Orange is the color that Hadiya Pendleton’s friends wore in her honor when she was shot and killed in Chicago at the age of 15 — just one week after performing at President Obama’s 2nd inaugural parade in 2013. After her death, they asked us to stand up, speak out, and Wear Orange to raise awareness about gun violence. Learn More
Wear Orange Weekend starts June 4th
Dave, we’re less than a month away from the start of Wear Orange Weekend. On June 4th, we’ll kick things off by commemorating National Gun Violence Awareness Day to honor the lives of people in the United States affected by gun violence and demand an end to this crisis. Learn more about what we’re doing this year to Wear Orange, including events happening across the country.
After Hadiya Pendleton was shot and killed in 2013 at the age of 15, her friends and family organized in Chicago to honor her life by wearing the color orange. Wear Orange originated on June 2, 2015—what would have been Hadiya’s 18th birthday—and is now observed nationally on the first Friday in June and the following weekend each year in order to raise awareness for gun violence prevention.
This year, that means calling special attention to how the gun violence crisis has worsened during the COVID-19 pandemic. In 2020, the number of people killed by gun violence exceeded 40,000—the highest rate of gun deaths in two decades.1
So, on June 4th, we’ll #WearOrange and come together with communities across the country as we work to end gun violence. Save the date and learn more about how you can be a part of Wear Orange Weekend.
Thank you for being a part of this movement. We hope you’ll join us this year to make #WearOrange as impactful as possible.
Wear Orange 2021
Many folks may be surprised to find out that last year -2020 – had a huge uptick in gun deaths. This story just didn’t make headlines for two reasons:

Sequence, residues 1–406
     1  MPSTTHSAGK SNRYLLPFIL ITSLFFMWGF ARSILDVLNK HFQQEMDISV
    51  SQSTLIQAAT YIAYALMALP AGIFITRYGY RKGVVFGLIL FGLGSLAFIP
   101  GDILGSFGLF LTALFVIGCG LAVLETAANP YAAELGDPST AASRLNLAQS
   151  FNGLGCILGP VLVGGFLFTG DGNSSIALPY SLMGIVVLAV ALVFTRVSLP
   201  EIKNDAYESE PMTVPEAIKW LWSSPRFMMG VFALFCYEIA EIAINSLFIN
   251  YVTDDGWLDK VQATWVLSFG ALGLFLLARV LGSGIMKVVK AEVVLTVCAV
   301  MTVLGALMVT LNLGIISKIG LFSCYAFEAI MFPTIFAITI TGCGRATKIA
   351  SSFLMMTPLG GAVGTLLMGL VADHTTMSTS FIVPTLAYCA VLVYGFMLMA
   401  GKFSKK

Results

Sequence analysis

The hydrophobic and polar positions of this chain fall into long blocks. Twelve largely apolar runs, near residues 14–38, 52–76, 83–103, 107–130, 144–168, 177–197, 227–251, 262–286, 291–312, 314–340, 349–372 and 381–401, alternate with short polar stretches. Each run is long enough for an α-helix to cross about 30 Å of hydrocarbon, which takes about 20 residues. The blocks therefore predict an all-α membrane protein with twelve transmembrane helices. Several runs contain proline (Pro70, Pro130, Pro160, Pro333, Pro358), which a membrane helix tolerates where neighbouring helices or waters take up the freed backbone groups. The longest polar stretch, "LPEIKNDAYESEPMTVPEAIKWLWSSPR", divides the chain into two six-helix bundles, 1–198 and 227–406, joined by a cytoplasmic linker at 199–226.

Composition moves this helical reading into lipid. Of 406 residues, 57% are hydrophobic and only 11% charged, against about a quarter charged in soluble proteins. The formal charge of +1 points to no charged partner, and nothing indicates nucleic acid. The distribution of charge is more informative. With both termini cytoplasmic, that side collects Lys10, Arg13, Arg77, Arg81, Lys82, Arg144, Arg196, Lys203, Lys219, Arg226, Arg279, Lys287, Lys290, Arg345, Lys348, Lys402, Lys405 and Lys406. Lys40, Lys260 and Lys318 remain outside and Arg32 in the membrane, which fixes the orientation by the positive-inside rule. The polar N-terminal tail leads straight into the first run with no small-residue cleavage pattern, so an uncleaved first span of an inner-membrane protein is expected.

A) At the end of the year the corona virus cases and deaths were peaking with nearly 300,000 cases per day and near 5000 deaths per day. Corona virus was story #1 all year.
B) Trump’s baby tantrums continued to occupy news space. Between corona virus and Trump, there wasn’t much room.
This year, many Americans have experienced significantly higher levels of violence both wrought on and within their communities. Gun violence and gun crime has, in particular, risen drastically, with over 19,000 people killed in shootings and firearm-related incidents in 2020. That’s the highest death toll in over 20 years, according to data from the Gun Violence Archive (GVA), an online site that collects gun violence data, and the Britannia Group’s non-partisan site procon.org.
This total includes victims of homicides and unintentional deaths but does not include gun suicides. And despite there being no “large-scale” shootings in 2020, the number of mass shootings—which are classified as an incident in which four or more people are shot and injured or killed—has actually risen, drastically, to over 600, the most in the past 5 years and a nearly 50% increase in 2019’s total.
When we talk about major health problems in this country, gun deaths is high on the charts and should be treated as such. Please find an orange shirt to wear to show your support.